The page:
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May 3, 2010

Anthony Suau: Sex and the Time Warp

This is the third post in a series: “Anthony Suau on The Great Recession.”

American classics: sex and cars. Detroit has been using glamor and beauty images to sell automobiles since the dawn of the industry.

But in the context of bankruptcies and uncertainty about the future, it feels forced, Suau’s photo, above, reminiscent of Diane Arbus’s portrait of the Wade sisters, as she was probing a deeper, darker layer of American culture.

The girls, in fact, were perfectly normal, and grew up to live fruitful lives. But in her photograph they look like freaks — not because they were freaks, but because Arbus was interested in the freakishness of the normal — an underlying contradiction of the postwar industrial boom.

Reflecting on that period, especially the Sixties, when everything we knew as normal suddenly didn’t look so normal anymore, today’s auto industry — struggling for survival — feels caught in a time warp.  Detroit seems stuck in that mindset in which sex and steel were used to appeal to the comfort of conformity.  The models are wearing the same dress, the same high-heeled shoes, presenting the cars in the same old way. It’s like the thinking remains: if your Dad drove a Chevrolet, you should drive a Chevrolet.

More than fifty years later, that the car companies continue to exemplify this approach is what’s freakish.

And then, to have attractive women at an auto show is nothing new. But if the models still look good, using sex to sell cars is more contradictory now.  If the car companies really had faith in this next generation of cars, they wouldn’t be offering us this anachronism. With the industry not just floundering, but looking for an entirely new paradigm, the use of the hottest girls to sell the hottest cars is like Detroit trying to convince itself it’s still viable.

–Alan Chin and Michael Shaw


Captions: Detroit, Michigan, January 15, 2010
The Charity preview evening at the North American International Auto Show at the Cobo Center in Detroit. The gala is the biggest party of the year in a town that lives and dies by the auto industry. The event saw men in tuxes and women in gowns that were eye-catching. In all between 7,000 to 8,000 attended the event.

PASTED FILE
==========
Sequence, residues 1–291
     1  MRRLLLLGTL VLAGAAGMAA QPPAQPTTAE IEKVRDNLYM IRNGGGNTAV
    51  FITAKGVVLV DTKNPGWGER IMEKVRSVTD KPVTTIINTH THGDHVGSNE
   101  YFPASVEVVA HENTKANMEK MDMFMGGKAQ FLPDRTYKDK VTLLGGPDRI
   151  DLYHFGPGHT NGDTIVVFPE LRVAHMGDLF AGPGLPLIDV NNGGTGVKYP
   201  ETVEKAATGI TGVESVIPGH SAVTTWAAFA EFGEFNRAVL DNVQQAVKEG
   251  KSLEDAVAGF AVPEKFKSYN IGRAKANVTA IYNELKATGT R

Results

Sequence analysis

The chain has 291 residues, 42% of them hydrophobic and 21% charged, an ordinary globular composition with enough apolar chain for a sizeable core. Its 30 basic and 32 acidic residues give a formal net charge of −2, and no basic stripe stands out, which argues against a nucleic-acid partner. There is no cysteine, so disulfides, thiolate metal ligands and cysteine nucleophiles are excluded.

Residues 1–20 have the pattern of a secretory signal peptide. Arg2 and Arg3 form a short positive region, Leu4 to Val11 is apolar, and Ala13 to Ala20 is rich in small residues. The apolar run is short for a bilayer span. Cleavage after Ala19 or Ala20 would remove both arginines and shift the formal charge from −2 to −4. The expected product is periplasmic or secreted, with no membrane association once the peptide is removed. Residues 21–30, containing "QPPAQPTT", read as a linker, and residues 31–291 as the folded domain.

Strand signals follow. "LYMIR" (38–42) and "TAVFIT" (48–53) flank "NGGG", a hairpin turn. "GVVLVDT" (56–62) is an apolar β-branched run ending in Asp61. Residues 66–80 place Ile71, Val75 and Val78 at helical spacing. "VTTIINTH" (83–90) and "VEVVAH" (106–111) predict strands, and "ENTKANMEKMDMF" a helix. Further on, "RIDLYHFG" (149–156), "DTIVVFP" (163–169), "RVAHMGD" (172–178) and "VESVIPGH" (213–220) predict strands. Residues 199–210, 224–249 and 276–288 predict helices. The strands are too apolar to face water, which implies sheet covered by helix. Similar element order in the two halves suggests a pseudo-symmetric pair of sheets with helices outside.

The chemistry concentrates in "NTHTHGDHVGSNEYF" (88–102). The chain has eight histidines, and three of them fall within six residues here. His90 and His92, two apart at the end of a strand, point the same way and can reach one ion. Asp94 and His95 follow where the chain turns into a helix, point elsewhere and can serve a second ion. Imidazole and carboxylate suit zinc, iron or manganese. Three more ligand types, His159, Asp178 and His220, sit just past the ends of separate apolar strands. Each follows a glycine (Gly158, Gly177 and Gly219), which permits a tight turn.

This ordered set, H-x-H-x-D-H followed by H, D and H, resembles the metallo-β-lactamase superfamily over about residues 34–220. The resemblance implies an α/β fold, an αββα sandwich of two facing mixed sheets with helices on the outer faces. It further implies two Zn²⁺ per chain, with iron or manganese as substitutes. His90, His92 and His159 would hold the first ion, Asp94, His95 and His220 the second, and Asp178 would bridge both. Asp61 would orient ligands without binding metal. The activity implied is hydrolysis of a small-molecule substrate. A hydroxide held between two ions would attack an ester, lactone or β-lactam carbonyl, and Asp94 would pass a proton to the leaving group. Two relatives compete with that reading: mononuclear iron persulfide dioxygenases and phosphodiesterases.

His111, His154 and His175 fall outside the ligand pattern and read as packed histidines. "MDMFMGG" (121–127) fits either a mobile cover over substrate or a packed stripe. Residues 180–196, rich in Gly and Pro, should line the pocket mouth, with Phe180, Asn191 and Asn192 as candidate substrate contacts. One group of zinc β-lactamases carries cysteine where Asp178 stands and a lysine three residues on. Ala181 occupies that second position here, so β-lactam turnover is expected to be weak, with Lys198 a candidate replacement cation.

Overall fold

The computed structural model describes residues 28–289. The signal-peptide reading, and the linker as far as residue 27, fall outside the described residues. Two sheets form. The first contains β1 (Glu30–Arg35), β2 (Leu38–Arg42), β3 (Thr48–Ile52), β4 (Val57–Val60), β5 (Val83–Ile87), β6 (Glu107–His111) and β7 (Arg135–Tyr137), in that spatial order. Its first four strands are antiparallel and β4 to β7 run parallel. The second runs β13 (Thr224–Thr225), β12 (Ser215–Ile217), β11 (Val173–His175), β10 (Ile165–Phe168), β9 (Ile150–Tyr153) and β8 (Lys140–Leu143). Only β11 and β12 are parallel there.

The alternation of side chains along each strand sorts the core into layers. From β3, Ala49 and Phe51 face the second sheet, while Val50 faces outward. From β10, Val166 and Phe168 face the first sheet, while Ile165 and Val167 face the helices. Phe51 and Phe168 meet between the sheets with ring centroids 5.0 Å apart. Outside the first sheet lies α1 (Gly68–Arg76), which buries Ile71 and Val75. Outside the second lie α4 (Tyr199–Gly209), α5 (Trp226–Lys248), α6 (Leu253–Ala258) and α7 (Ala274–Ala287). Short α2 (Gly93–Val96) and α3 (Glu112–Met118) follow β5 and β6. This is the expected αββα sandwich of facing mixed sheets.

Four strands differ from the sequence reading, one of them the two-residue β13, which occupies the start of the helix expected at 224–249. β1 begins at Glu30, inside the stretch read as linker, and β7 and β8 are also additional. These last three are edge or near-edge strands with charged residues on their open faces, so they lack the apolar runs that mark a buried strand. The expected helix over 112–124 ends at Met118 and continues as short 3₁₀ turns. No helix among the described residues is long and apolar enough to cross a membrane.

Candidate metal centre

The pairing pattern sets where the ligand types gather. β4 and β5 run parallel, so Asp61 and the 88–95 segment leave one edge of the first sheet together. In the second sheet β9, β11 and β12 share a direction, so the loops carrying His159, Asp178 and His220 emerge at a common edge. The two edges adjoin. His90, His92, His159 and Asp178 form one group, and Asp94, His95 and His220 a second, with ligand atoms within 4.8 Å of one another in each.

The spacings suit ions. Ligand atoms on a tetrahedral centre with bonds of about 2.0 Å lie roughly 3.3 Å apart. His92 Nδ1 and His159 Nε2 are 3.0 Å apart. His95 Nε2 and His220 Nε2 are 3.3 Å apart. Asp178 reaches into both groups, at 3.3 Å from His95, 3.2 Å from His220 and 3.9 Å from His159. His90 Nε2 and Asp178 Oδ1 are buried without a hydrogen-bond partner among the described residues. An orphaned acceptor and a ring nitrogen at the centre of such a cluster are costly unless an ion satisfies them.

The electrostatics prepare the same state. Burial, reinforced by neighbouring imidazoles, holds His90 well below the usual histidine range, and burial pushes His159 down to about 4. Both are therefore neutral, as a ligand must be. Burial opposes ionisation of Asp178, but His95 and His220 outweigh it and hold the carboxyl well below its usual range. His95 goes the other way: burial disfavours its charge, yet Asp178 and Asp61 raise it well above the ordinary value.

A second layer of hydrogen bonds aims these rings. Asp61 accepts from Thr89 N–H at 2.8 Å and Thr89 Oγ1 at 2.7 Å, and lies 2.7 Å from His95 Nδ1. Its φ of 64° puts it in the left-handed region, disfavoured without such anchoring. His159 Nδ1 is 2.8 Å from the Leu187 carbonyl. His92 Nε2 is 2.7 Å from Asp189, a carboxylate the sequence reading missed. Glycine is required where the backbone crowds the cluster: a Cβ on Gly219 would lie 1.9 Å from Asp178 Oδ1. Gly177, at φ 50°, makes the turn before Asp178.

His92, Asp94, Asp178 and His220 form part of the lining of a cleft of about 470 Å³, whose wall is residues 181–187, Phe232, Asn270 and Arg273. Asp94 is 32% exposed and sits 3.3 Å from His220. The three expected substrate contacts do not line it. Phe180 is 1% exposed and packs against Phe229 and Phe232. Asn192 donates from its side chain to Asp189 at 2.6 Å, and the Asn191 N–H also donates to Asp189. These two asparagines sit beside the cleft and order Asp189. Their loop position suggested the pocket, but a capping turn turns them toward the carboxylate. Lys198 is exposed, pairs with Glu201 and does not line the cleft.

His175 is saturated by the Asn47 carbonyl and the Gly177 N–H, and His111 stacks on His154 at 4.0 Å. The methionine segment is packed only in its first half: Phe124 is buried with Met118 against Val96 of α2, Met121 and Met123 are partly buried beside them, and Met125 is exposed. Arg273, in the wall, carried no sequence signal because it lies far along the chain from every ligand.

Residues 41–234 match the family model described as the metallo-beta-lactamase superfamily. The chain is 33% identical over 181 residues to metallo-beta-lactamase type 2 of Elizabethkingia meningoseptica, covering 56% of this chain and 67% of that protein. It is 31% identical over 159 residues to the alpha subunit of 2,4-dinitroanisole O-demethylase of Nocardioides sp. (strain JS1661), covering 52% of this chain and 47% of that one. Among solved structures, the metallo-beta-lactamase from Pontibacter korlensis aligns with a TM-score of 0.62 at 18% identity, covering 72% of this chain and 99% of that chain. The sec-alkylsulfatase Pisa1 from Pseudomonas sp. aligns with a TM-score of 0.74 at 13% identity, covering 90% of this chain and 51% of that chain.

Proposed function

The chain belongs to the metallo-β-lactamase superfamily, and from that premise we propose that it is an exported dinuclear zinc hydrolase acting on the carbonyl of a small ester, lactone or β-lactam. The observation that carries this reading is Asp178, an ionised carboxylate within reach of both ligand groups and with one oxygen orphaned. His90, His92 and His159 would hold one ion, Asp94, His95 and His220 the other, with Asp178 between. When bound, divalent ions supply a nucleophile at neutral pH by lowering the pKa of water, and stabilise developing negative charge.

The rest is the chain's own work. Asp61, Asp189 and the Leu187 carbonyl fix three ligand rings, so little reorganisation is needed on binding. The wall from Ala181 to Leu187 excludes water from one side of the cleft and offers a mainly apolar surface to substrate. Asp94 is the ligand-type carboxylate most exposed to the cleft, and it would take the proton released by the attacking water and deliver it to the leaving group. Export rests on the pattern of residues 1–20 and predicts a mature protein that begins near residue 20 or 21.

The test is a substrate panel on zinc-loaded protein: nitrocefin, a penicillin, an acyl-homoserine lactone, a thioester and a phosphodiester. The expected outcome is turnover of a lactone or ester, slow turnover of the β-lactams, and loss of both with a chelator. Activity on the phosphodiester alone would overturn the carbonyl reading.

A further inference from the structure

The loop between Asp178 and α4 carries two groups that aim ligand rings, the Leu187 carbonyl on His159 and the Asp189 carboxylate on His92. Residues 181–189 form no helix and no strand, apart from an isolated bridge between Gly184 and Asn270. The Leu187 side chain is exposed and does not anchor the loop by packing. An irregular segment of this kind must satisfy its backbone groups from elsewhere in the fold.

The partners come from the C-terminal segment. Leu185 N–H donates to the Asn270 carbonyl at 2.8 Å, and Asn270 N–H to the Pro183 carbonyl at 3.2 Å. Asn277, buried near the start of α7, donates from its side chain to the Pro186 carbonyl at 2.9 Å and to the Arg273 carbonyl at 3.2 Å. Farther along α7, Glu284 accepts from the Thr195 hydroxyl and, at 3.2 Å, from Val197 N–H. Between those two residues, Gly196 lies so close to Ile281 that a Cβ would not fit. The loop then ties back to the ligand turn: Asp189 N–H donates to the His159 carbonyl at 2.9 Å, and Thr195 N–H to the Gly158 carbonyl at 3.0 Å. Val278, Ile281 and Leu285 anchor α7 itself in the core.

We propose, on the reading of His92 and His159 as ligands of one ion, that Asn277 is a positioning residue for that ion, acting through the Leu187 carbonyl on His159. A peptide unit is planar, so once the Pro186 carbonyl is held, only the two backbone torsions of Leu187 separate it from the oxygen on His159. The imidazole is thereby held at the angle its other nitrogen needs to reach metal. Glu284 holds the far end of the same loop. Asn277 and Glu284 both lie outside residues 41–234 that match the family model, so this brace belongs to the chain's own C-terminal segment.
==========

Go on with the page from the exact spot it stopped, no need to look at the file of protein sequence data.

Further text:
NEXT: Fun In A Fallen City

About the Photographer


  • Gasho

    Did you expect them to install a ball hitch and hook up a wagon full of hay or something?

    Of course they are going to use what they think is their best pitch to sell their shiny new cars. They may be in trouble in the context of history (and especially recent history) but doing something radically different in the showroom would be even riskier than using the tried and true methods to make their products look good.

    Until we get rid of the cars and start using some other technologies and other forms of transportation — or stop moving ourselves around so much to get things done — this is it. Sorry to say it, but there you go.

  • Robert Hariman

    Sure, we need cars and car companies need to advertise, but that doesn’t excuse much. Shiny displays are one thing, feminine clones are another. Somebody ought to tell Detroit that a lot more than cars has changed since they last bothered to ask.

  • acm

    Wait, are you asking me to accept that sex no longer sells? That women are no longer objectified? That sports cars are no longer about power and thrust?

    I call this willful ignorance at best. Detroit isn’t out of touch, on this at least; the tragedy here is that we still live in a society populated largely with troglodites. Sorry about that.

  • acm

    (oh, and if it’s the “clone” issue or interchangability of women that seems to be squicking you, then this previous post should have prepared you pretty well for the idea that that’s *exactly* how the marketing world sees women — cogs in their sales machine.)

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